What is Pride Month all About?
As we come into June, oftentimes businesses paint themselves in a rainbow to show support for LGBTQ+ people and our communities. This is seen in everything from big, expensive commercials featuring gay couples to local businesses hanging pride flags in their windows for 30 days before participating in pride events or marches.
Pride isn’t a march or a party, though – it is a riot, led by the most marginalized among us, by the black, indigenous and queer people of colour, by the trans women, by those living in poverty, and by those of us with disabilities.
On June 28th, 1969, police raided a bar in New York called Stonewall and patrons, fed up once more, fought back. This was not the first time, and this was not the last time. A year later, marches happened to commemorate the riot. This is why Pride is held in June every year, to commemorate a riot, to mourn those lost in the past year, and to celebrate those still with us.
Having been to numerous Pride events over the years, online and in-person, I often question a business’s role in Pride. Businesses often say they’re at Pride to support their LGBTQ+ customers or employees, but what does your business do year-round to support LGBTQ+ communities? Do you actively seek out LGBTQ+ employees when you hire, recognizing that in a 2011 study of trans Ontarians, only 37% were employed full-time? Do you work to educate yourself and your work culture to be supportive of LGBTQ+ people, recognizing that 40% of discrimination happens in the workplace?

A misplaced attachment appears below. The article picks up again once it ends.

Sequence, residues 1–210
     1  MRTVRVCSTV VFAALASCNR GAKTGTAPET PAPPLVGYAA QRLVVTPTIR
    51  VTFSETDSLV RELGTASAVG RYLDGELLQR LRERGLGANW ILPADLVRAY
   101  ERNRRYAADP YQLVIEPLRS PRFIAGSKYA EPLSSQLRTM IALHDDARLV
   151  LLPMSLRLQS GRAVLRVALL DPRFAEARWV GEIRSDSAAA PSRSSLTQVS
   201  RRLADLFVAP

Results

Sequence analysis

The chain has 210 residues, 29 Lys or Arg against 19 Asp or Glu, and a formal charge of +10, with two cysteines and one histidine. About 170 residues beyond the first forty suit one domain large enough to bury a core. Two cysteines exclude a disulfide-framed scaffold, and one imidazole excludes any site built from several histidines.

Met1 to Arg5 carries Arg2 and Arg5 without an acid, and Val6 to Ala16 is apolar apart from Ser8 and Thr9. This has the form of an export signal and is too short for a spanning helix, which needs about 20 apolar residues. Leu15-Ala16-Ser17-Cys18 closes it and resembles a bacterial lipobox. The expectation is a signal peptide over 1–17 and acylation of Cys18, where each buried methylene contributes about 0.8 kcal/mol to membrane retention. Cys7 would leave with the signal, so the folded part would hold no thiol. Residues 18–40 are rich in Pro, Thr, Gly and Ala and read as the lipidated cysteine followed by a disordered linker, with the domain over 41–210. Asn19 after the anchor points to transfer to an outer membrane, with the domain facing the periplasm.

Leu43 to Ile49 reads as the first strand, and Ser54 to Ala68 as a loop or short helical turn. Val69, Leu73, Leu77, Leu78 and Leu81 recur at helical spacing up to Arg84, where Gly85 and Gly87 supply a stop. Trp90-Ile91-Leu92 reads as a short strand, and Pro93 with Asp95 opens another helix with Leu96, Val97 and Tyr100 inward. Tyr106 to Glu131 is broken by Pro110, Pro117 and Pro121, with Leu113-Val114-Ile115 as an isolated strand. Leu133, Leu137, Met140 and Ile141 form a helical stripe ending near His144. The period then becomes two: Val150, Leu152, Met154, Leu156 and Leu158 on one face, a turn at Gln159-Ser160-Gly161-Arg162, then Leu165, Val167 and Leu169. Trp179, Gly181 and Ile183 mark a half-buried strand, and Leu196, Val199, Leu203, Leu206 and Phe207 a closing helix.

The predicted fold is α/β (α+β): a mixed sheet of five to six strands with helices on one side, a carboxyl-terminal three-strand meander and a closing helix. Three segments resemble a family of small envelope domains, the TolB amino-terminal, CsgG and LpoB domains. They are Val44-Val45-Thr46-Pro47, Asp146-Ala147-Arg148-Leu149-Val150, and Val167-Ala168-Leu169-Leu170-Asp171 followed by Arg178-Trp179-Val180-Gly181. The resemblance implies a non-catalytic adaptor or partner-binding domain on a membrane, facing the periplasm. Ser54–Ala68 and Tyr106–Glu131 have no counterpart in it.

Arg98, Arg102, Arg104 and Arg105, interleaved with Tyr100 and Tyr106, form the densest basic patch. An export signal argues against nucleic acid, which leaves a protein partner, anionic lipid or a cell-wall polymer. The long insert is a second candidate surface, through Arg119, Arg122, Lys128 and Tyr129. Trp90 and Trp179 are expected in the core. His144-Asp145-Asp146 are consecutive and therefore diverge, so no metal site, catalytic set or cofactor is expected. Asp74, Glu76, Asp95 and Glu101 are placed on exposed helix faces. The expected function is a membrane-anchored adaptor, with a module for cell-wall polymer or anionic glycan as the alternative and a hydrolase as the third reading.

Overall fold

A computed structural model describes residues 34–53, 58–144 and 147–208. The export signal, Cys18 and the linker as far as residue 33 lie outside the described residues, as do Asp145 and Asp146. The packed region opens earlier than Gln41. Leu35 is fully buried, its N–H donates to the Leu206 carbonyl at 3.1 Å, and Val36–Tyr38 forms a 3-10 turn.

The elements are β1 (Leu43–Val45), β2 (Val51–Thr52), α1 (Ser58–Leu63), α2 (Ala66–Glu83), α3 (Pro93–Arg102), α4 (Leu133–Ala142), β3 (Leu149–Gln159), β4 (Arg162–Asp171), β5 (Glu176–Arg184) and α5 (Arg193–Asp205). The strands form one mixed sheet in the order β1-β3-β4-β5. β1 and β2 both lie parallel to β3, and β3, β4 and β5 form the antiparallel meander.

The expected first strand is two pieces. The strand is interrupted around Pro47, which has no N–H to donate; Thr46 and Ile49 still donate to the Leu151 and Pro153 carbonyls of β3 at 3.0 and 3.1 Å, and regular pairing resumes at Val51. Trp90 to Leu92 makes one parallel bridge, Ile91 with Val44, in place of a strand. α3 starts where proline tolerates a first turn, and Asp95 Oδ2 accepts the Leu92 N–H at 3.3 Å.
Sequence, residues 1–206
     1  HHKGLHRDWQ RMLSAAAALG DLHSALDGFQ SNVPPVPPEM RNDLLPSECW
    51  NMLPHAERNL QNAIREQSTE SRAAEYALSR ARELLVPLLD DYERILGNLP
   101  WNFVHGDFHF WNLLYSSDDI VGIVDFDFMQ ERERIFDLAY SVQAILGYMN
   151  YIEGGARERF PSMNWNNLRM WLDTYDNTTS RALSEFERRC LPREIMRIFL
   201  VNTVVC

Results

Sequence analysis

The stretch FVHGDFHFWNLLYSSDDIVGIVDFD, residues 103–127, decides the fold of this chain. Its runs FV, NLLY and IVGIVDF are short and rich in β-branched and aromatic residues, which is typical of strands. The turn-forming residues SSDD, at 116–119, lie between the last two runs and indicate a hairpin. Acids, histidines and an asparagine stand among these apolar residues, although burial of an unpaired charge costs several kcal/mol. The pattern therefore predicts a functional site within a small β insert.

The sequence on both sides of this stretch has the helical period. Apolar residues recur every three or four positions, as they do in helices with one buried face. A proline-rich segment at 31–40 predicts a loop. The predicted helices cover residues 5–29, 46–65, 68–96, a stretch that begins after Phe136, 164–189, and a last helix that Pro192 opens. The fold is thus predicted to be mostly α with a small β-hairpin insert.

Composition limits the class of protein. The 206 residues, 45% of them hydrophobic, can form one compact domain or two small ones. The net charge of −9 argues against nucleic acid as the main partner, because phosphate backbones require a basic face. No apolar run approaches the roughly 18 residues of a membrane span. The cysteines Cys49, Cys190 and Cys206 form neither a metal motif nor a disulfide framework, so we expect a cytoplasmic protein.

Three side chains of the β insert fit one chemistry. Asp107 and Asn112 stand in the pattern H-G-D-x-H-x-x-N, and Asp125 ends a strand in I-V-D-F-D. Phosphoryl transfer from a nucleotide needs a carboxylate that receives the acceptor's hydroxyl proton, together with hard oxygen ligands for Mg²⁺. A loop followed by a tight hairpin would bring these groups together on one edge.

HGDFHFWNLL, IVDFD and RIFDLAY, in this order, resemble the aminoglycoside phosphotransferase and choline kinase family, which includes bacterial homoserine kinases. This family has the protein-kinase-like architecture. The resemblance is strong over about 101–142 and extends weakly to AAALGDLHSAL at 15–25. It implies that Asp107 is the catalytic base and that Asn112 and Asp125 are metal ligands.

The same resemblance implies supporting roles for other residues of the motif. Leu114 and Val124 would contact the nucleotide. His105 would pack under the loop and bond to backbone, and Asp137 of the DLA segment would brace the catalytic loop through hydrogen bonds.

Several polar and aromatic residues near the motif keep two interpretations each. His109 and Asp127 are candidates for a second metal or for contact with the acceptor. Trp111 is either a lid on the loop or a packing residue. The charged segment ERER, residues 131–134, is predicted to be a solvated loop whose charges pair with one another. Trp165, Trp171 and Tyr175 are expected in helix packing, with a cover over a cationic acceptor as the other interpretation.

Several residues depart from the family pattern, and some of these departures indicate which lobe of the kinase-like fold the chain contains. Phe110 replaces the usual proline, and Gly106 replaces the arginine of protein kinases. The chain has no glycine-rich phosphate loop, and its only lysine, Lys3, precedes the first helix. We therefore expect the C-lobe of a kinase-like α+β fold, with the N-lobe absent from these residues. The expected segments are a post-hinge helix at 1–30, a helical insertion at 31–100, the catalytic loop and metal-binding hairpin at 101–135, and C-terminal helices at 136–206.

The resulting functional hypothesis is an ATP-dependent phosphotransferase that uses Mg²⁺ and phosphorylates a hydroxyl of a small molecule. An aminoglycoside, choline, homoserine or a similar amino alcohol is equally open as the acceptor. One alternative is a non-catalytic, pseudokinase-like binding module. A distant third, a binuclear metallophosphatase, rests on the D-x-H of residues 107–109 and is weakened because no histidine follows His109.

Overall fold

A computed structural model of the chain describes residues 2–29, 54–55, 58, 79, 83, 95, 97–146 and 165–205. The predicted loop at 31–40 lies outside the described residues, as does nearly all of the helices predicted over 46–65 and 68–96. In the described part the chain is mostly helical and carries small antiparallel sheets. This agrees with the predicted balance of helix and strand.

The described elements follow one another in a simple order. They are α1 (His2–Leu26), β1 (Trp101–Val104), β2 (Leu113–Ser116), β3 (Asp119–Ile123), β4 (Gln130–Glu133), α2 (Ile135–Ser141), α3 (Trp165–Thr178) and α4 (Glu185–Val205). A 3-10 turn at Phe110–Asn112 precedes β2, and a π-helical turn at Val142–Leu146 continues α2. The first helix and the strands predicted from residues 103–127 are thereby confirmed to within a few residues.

Pride is often viewed as a party and a way to get the word out about businesses, but it is not. It is to uplift Queer people and experiences and the organizations that actively do the work year-round to support them. Putting a rainbow flag in your window does not help LGBTQ+ people, but hiring them will. So, before you participate in Pride events or marches, whether it is this year or years in the future, ask yourself: what is my business doing, throughout the year, to meaningfully address homophobia, transphobia, biphobia, queerphobia, and more in my community and my business?
– Nathan R. G. Barnett (he/him), Whitby Chamber of Commerce Diversity Equity and Inclusion Committee Member, Vice President of University Affairs, Trent Durham Student Association